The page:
Older Adults and High Cholesterol

Cholesterol is a waxy fat-like substance that is found in all the cells in your body.  Your body needs some cholesterol to make hormones, vitamin D and enzymes that help you digest foods.  Cholesterol comes from two sources.  Your liver makes all the cholesterol that you need.  The remainder of the cholesterol in your body comes from your diet, foods that derive from animals, eggs or dairy products.  These foods are high in saturated and trans fats.  These fats cause your liver to make more cholesterol than it otherwise would and could increase your cholesterol level to one that’s unhealthy.  The excess cholesterol can combine with other substances in the blood to form plaque.  Plaque sticks to the walls of your arteries.  This buildup is known as atherosclerosis and can lead to coronary artery disease, heart attacks or stroke. 

A variety of things can raise your risk for high cholesterol and atherosclerosis. 

  • Age – your cholesterol levels tend to rise as you get older.
  • Genetics – High blood cholesterol can run in families
  • Weight – Obesity or being overweight raises your cholesterol level
  • Race – African Americans typically have higher cholesterol levels than whites. 
  • Unhealthy eating habits – foods high in saturated or trans fats in your diet
  • Lack of physical activity
  • Smoking

I help my elderly mother with her medications and doctor’s appointments.  Decades earlier, to help lower her cholesterol, she changed her diet and obtained no results. Because of her genetics and her more sedentary life style, her provider prescribed a statin to help lower her high cholesterol.  A statin is a medication that blocks a substance your liver needs to make cholesterol.  This causes your liver to remove the cholesterol from your blood.  My mother was very happy that this medication helped her obtain a normal cholesterol level!

With any medications, there are side effects.  Now that she is older, I was wondering if the benefit of the statin medication still outweighed the risk of taking it.  The most common side effect is muscle pain.  Occasionally there might be liver inflammation, an increase in your blood glucose level, and some people have developed memory loss or confusion while taking statins.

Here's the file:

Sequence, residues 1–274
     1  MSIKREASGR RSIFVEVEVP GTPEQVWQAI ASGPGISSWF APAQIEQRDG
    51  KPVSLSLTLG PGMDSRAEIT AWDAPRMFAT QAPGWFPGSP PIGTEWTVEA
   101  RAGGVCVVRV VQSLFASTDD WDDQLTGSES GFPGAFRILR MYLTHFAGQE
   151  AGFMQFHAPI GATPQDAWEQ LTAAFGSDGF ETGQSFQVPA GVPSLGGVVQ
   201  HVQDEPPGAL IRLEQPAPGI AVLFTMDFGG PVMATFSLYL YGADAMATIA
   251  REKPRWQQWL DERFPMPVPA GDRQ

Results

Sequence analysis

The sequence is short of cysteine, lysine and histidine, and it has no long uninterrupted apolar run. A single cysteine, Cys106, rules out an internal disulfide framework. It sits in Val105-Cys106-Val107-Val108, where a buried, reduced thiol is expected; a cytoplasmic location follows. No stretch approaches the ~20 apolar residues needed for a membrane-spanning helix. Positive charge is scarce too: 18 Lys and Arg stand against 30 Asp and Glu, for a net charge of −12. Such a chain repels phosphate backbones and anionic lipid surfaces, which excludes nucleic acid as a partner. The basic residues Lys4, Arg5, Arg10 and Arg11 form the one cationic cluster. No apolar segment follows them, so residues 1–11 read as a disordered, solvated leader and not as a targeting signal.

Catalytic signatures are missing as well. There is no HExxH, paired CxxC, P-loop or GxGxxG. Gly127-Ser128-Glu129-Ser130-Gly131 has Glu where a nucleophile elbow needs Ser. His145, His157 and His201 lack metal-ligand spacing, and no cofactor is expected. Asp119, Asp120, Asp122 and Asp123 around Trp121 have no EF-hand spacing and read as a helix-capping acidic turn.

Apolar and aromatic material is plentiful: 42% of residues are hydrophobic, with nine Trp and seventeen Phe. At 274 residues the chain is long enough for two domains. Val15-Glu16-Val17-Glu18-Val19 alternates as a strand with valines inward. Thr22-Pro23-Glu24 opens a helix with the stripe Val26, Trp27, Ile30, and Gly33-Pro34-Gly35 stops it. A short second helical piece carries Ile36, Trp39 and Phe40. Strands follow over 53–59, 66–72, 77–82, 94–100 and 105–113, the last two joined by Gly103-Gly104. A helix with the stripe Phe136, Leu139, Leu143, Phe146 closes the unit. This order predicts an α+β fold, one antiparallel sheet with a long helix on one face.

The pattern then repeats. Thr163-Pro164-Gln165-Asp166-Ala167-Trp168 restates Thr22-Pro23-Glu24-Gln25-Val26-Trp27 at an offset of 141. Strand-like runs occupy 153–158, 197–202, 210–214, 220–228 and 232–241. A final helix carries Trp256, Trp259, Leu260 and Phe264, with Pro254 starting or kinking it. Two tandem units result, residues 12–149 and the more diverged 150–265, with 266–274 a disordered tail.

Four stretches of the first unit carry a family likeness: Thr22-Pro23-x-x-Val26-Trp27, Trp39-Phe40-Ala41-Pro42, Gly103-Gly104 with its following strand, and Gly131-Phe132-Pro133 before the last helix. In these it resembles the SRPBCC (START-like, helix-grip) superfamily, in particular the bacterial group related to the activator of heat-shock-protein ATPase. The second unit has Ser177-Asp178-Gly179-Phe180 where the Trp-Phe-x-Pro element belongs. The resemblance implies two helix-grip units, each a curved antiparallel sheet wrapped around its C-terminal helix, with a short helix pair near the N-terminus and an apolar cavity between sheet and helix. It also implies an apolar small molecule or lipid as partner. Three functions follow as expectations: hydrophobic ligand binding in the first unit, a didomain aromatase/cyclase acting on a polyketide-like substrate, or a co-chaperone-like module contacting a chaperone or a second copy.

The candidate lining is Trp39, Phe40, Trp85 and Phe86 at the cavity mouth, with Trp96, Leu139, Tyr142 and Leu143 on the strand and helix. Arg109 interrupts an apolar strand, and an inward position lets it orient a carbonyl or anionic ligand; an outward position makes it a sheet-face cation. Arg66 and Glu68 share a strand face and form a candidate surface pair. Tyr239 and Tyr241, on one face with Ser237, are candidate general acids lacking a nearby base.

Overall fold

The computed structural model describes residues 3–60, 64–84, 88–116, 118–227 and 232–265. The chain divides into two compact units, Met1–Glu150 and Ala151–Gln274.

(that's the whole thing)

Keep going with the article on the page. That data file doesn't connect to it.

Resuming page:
Clinical trials of statins typically excluded very elderly subject or all elderly were grouped into age group of >65.  There is little data regarding statin usage among older elderly adults.  Statin prescribing practices are influenced by the provider’s and patient’s perception of safety concerns. Not everyone who takes a statin will have side effects, but some people may be at a greater risk than others.  They include:

  • Taking multiple medications, including ones to lower your cholesterol
  • Being female
  • Having a smaller body frame
  • Being age 80 or more
  • Having kidney or liver disease
  • Drinking too much alcohol

My mother and her provider are working together to provide her with the best care.  Every six months, she has lab tests done and discusses the results with him.  Along with her lipid panel, she gets tests that monitors her liver enzymes, muscle enzyme and glucose level.  She also discusses any changes that she notices, like aches and pains in her muscles. 

So for now, the benefit of the statin outweighs the risks of the side effects.  She is going to stay on the statin medication. Her cholesterol is normal and she still is happy that she does not need to watch her dietary input of saturated fats.  I guess we both can together enjoy an ice cream treat once in a while!

By Jill Liepold, MT

If you are concerned about high cholesterol, please contact your provider or contact Windom Area Health Laboratory Services at 507-831-0655 or 507-427-2700 to ask about Direct Access testing.

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